• “Good Times” had a lot of things working against it, literal timing-wise, but it was able to stick the landing in terms of the conclusion with Braugher, Davis, and Jerome).
  • Martin Short singing the theme song to “The Facts of Life.” No, “The Facts of Life” is not a Norman Lear-created show, but the joy of witnessing Martin Short singing that theme song is unparalleled.
  • “Live in Front of a Studio Audience” already struck gold once with “All in the Family,” so this follow-up was really just a matter of not fixing what wasn’t broken. The biggest laughs of the night came from this segment, easily, especially with Tomei’s endlessly impressive turn as Edith Bunker.

The Bad

  • As topical as this special and its episode choices were because it was also Trump impeachment vote night, the fact that it was Trump impeachment vote night meant a lot of issues to start. First, there was the uncertainty that the show would even air on time. It did, but then its pacing was completely ruined during the first part, the “Good Times” re-creation, with updates on the impeachment vote. Kimmel acknowledged that that would be a factor in the special, but that didn’t make it any less jarring when it happened.
  • In terms of casting, the only true unknown quantity was Corinne Fox — daughter of Jamie Foxx, who played George Jefferson in the first “Live in Front of a Studio Audience” — as Thelma and she was also ultimately the weakest link of the entire Evans family. Everyone in the segment had a moment or a chance to shine, but she never actually did.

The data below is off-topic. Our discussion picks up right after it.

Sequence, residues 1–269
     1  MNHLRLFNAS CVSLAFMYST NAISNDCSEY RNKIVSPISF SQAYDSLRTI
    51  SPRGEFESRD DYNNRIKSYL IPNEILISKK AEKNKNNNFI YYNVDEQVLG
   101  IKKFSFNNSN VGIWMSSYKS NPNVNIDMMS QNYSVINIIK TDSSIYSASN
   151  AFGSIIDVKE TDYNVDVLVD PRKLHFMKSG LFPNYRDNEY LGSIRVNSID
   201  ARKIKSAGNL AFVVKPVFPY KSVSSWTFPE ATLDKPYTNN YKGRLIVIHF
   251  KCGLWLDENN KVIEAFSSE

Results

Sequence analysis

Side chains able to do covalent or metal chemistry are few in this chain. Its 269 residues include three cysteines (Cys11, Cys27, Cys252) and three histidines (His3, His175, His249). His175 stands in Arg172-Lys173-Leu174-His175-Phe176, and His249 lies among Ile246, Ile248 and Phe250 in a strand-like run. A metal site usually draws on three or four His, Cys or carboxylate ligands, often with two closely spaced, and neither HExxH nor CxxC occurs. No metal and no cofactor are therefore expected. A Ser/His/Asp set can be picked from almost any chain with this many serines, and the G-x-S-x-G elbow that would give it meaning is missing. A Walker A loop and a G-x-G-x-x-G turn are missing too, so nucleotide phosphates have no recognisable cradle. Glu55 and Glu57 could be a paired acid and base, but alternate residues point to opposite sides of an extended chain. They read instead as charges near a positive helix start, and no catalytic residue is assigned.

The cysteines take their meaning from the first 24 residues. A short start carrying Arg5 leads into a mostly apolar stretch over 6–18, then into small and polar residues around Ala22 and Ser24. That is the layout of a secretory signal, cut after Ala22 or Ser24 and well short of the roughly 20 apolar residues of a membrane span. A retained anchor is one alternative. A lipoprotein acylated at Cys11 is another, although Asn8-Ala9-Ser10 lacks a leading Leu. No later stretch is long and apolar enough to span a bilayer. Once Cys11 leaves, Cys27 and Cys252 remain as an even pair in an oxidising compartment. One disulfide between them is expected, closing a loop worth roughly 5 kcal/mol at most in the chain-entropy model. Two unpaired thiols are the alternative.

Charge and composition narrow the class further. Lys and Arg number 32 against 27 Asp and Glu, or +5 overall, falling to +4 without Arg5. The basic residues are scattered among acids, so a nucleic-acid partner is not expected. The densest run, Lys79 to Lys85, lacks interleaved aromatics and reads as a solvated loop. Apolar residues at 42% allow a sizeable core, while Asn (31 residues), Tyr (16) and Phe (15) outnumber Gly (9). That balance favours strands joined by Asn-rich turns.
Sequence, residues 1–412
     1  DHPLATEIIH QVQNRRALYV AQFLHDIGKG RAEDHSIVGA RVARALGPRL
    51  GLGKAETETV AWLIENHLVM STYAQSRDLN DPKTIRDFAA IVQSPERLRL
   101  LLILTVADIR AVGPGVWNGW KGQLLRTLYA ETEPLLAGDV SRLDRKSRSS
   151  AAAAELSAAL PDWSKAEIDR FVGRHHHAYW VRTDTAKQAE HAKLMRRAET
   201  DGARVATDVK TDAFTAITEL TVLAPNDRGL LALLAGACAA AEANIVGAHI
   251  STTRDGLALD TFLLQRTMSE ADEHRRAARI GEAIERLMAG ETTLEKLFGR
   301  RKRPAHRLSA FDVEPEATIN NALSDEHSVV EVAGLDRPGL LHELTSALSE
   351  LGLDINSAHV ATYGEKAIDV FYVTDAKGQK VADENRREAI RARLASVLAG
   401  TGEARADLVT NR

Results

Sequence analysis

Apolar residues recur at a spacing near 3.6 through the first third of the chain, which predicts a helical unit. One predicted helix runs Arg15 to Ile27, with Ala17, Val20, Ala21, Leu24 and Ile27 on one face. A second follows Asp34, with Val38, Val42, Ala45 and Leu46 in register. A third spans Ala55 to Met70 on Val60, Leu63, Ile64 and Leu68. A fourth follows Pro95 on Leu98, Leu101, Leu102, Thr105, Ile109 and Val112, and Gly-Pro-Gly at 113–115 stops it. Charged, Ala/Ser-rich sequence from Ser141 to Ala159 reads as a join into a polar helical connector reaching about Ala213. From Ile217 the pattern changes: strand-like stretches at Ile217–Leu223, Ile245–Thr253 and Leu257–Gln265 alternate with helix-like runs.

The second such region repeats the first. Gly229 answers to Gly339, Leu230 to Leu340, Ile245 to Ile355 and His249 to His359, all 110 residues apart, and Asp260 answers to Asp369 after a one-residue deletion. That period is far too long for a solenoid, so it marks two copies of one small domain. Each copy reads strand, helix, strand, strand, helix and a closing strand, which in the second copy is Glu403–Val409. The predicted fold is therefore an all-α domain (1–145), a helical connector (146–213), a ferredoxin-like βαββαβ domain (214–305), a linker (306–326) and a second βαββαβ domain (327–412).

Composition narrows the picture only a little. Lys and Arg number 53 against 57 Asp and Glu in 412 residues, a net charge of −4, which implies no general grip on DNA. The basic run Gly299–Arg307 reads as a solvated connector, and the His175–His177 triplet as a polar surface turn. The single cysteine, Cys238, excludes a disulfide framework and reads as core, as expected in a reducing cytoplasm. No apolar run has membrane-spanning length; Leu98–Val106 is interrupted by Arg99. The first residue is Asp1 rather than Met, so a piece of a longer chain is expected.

• There were some line reading trip-ups in the “Good Times” re-creation, which, on top of slow pacing — even for a ’70s episode of television — just piled up the issues for the first half of the special. The biggest timing issue for “All in the Family” was the crowd woo’ing for Ike Barinholtz before the camera was even on him, only for them to do it again once he was actually onscreen (and the mountain of presents in front of him were removed).
  • For all of the attention to detail in the “Good Times” re-creation, it didn’t go with the bit of Alderman Davis never getting Willona’s name right. Not once did he call her “Wyoming.”

The Verdict

It wasn’t a fluke that the first “Live in Front of a Studio Audience” was as big of a critical and viewership success as it was: Nostalgia sells, but the quality also has to be there for a project like this. That’s still the case for take two on this live event special, even though the segment for “Good Times” was weaker than the first installment’s “The Jeffersons” segment. A lot of that wasn’t the special’s fault, as the impeachment vote hurt it a lot, but it was still the case. As for the “All in the Family” re-creation, as noted in the live blog, there’s a reason why it, Harrelson, and Tomei are the lynchpins of these specials — easily what makes this all worth it, no matter what time of year this airs. As holiday (and impeachment) programming, “Live in Front of a Studio Audience” is well worth the time spent.

For more, check out the live blog below. “Live in Front of a Studio Audience” aired Wednesday, December 18 at 8 p.m. ET on ABC.